Cindy Yen moved from Taipei to Hong Kong in pursuit of a finance career; but was soon diverted by the bright lights of business and design. When she decided to act upon her newfound interest, Cindy signed up for GA’s Front-End Web Development class. Now she’s using her skills to develop her first startup, a quantified-self app launching in late 2014.
1. What were you doing before you came to GA? What are you doing now?
I moved to Hong Kong from Taipei after university to pursue a career in finance. However, I realised that I am more interested in business and design.
Today, I lead the insights team at fluid, a creative strategy agency with integrated design and digital capabilities. We create branding and marketing strategies to help our clients achieve influence at scale. In addition to fluid, I am the founder of Glance, a qualified-self app launching in late 2014.
2. Why did you decide to take our Front-End Web Development course?
I have a lot of ideas, and have always wanted to prototype some of them digitally. It’s an amazing feeling to be able to bring your ideas to life.
I’ve tried everything available: Threehouse, Codecademy, Coursera, you name it. I could answer all of the questions they asked, but if you were to throw a laptop at me and ask me to build a website, I wouldn’t know where to start. I needed help to make sense of it, and I learn better in a classroom environment with people around me.
3. What was your favourite part of your experience here at GA?
The instructors were amazing. They were always available – during and after the course. They also made sure what we were learning catered to our personal objectives, and they would tailor the materials to help each and every one of us achieve our goals.
I also met an awesome group of friends at FEWD. It’s important to have fun and have people around you to keep you motivated throughout the process.
4. How did we help you with achieving your goals?
They spent time to understand what I want to build /achieve, and contextualised it for me by breaking it down to smaller steps I need to take to get there. This would never be possible if you’re on your own or learning from an online course.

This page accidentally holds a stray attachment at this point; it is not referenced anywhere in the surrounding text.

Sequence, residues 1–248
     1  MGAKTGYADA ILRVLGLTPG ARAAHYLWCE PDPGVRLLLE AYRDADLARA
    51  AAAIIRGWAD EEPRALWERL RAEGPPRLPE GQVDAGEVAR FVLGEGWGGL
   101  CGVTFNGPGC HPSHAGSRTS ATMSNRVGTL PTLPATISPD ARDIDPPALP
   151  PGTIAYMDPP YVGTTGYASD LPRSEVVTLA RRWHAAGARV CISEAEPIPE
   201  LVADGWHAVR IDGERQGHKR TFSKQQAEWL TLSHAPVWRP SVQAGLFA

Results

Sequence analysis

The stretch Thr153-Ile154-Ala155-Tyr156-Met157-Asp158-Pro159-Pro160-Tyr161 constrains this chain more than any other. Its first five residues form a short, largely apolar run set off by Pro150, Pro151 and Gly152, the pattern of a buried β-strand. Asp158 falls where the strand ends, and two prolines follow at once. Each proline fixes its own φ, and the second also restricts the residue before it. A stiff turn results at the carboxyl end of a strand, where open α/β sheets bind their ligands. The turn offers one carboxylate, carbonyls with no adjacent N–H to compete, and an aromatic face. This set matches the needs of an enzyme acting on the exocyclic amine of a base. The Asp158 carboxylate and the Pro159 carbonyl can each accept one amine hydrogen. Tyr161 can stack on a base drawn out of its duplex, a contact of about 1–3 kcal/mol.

They provided materials relevant to my needs. They know what’s out there that could be helpful to me, and they guide me to it.
5. What were the top 3 things you learned from the course that are most helpful to your current projects?
- GitHub – code management. I couldn’t put more emphasis on how important this is. GitHub is important to anyone interested in the digital world – developers, designers, project managers, entrepreneurs, etc.
- Code optimisation – it’s not just about writing code. It’s about writing good code that could sustain and easily be updated and perfected even if you have a trillion lines of it. There is enough bad code out there – let’s write good code.
- Logic – the course is designed in a way that would introduce a good structure/logic of frontend development to your mind. This is important once you are done with the course and start working on projects on your own. You will have a clear picture of where to start and what to do.
6. Life after GA: What happened next? And what’s in store for you?
After GA, I left my job in finance to spend some time on my startup, Glance, a quantified-self app launching in late 2014, and I built the website for my startup from scratch.
I now work for fluid, a creative strategy agency. fluid is an integrated agency with in-house design and development teams. While my current role is focused on insights and strategy, it’s great being able to speak the developers’ language and understand how everything – UXUI, fronted, backend – fits together.
In this day and age, it’s impossible to separate brand strategy from digital strategy. Knowing the nitty gritty of the digital world has given me a new insight to analyse brands and how they interact with their audience digitally – and design brand strategies that could help our clients optimised their presence in the digital world.